Having had the honour of living for some periods in Manzini, Boise, Bremerton, Camden, Pietermaritzburg, Silverdale, and now just recently moved to a new city far and away from comfy Zomba + Lilongwe, I find that the world continues to be fascinating.  Places are so different yet the same.  People go to sleep and people wake up.  Everywhere. They go shopping.  Everywhere. ...and they speak loudly (or softly) on cell phones.  Everywhere...girls are sometimes mean to one another. Everywhere...and folks invariably use gmail, hotmail, get the picture.  Yet gaps between wealth and poverty persist in showing us differences as do technology gaps, ignorance, prejudice, pride, trade..... assured though, even though I´m here Iĺl keep to my ethos of giving commentary of the Malawian experience as I subjectively perceive it.  Fear not, I am not nor will I ever be the ´wanna-be expatriate-missionary-tourist blogo- DIARIST!!!!!

Saturday, June 25, 2011

I passed my English profiency test

Ahem, I did pass the 'English as a Second Language' test. So, as it turns out, I CAN speak English. It turns out I CAN understand English after all, who knew?

OK, on a serious note, it was not easy.  It was four hours long (and yet we hear that an adult's attention span is just under ONE HOUR!!).  It was pricey (the price was in US $).  It was away from home (I travelled the previous night to the city where I took the test) - I slept in (a very posh, as it turned out!) back packers (but the price was not bad at all).  I got lost, the police had to take me to the back packers after I wandered around like a vagabond for 4 hours (no one had any idea where Berea is :-( )  ....maybe the area was called something else the second before I arrived there......

The test was tough, I should call it an exam actually because it was a proper exam in every sense of the word. I had to think, listen, compose, comprehend, watch out for trick questions, block out noise from outside, not lose track (for four hours, that was really hard for a person like me).  When I left the test room, I couldn't smile and my whole self was down and depressed for some time. And that's just part of it, I have been thinking about that test for weeks and weeks and even had dreams (or were they nightmares?) about it.

If I had the choice would I have taken the test, truly, no. I would have rather the Queen wave her scepter over my head and pronounce me a Brit for the month of May so I wouldn't have had to take the exam.

What am I grateful for? I am grateful to God that it all went well:- from the payment (thank you, you know who you are :-)), to the lekker back packers and the wherewithal to get there, to the Bereans for not knowing where Berea is and to the Howardians (especially those at the Memorial Building) for not knowing where the basement is in a buiding they attend classes/work in!!!  For the nice folks I took the exams with, especially the coordinator, who helped me work out what ID docs to bring. Finally, for the test score/result and the one who emailed it to me (the envelope carrying it is transposed somewhere between the North Atlantic and South Atlantic, possibly on a boat, I don't expect it for another few yea...sorry, weeks. lol. Good times!  and yes, Thank God, the storm is over!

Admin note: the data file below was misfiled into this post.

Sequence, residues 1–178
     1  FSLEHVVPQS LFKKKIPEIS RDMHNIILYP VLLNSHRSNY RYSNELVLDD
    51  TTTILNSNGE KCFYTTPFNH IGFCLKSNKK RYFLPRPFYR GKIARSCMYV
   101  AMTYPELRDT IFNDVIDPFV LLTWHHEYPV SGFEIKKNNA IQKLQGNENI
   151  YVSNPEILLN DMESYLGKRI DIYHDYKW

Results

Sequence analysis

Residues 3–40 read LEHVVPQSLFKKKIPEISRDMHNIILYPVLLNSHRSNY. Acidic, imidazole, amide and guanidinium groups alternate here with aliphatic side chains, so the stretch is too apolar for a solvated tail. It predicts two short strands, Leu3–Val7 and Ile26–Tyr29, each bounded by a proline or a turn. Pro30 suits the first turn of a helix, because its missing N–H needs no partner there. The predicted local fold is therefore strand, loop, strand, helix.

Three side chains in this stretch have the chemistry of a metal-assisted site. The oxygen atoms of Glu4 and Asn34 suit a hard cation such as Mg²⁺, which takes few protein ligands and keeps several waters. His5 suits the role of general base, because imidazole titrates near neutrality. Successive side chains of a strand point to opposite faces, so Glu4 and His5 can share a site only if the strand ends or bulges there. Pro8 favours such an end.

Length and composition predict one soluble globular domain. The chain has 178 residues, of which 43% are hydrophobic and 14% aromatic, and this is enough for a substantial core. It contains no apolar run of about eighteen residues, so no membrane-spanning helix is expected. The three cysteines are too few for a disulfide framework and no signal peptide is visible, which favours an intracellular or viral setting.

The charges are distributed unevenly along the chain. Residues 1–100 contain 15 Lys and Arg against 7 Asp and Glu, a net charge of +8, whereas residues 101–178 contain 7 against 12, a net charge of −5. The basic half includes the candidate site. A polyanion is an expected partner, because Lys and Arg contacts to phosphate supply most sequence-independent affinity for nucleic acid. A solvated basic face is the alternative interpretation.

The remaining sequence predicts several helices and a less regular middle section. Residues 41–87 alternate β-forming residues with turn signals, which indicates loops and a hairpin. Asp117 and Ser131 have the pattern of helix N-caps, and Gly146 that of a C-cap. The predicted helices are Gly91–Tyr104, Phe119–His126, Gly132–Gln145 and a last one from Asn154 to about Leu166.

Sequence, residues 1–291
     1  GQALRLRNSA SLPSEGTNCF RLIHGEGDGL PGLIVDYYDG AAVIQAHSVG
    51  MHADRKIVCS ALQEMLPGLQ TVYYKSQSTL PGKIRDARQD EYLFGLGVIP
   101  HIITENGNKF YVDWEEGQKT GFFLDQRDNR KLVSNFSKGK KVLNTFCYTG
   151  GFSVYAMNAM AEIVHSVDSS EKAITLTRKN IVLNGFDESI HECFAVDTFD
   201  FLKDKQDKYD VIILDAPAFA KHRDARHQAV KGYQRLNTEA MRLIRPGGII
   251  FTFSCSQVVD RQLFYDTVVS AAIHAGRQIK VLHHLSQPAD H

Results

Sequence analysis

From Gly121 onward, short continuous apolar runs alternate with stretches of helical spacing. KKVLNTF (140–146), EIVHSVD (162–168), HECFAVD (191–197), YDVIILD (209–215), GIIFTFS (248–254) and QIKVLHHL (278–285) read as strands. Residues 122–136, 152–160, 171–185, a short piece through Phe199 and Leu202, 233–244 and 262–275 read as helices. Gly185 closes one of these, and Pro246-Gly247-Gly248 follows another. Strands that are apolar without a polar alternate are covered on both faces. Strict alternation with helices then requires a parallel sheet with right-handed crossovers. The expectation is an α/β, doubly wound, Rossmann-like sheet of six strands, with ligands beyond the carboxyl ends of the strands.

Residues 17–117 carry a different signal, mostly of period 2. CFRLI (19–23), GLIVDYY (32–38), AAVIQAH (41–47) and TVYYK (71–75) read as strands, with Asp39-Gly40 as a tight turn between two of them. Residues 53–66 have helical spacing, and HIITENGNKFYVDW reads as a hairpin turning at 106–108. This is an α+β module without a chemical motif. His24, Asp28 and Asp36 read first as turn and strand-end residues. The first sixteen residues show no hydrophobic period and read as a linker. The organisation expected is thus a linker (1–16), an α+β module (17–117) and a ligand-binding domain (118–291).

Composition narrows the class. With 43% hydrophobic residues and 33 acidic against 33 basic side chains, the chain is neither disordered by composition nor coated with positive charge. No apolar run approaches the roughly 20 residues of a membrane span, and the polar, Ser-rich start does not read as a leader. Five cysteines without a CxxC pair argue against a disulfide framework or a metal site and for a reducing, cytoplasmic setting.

Saturday, June 4, 2011

more details on TEBA workers

This is for you Judith (and any one else interested in TEBA ex-miners' news), following my last comment, here are the details that might be helpful regarding TEBA and ex-miners:

Who:  any Malawian who worked in the mines under TEBA between 1970 and 2008 and didn't get their dues

What: the SA government through debt collector company R&W, is squaring the bills outstanding;

How: Malawian claimants should call or write to Credit Data, the company that has been commissioned to run the programme in Malawi (their number must be available in MW directory??)

What is needed: Name, current addresses, contact number, date of birth and where possible, name of mine and miner ID.  Where miner is deceased, survivors can submit this details and claim.
Bank account details are needed for R&W to deposit the money

This information has been sourced from the Malawi Nation newspaper, Wed, 18 May 2011

Wednesday, May 25, 2011

TEBA Workers to receive their money

forty years of mining migrations from Malawi to South Africa, it's finally pay day and I'm happy that these men did not risk their lives (under ground) and leave their families behind for nothing....Finally...something for the ex-miners to smile about :-)

Thursday, May 5, 2011

The Royal Wedding- from an African development point of view Part 1

Disclaimer-this is a subjective opinion and not a political statement.

Let me admit, I had planned to boycott watching the royal wedding on TV. Prior to the broadcast last Friday morning, I kept myself purposely ‘out of the loop’ on anything to do with it. I had taken up the chant ‘why should I bother about a royal family I’ll never meet when I have my own king right in my own Ngoni nation whose title was stripped to the bare-sounding ‘Paramount Chief’? On the morning itself I woke up and found myself house-bound due to a mix of unforeseen circumstances and I thought…’what to do but turn on the telly.’

So, long story short I watched the entire thing (sans the private reception obviously). As I watched, several things became apparent.

The first was the recognition of the multiple facets of my own subjectivity. As a child of the 80s, my memories took me back to my mother’s stack of ‘Royal Wedding’ glossy magazines filled with the Prince and Princess of Wales. Without cheating by looking on the internet, I can declare right here that Prince Charles’ uniform on his first wedding day bore black and blue colours. And if I remember correctly, Prince Andrew and Prince Edward were the groomsmen. So yes, I was an African child who according to popular belief should have been more concerned with the trees and the sun but there I was, memorizing the who’s-who of the British royal family. It was normal, I spoke English at school so it was obvious to me then, that I should know the ‘Paramount Chief’ of the English and his/her family.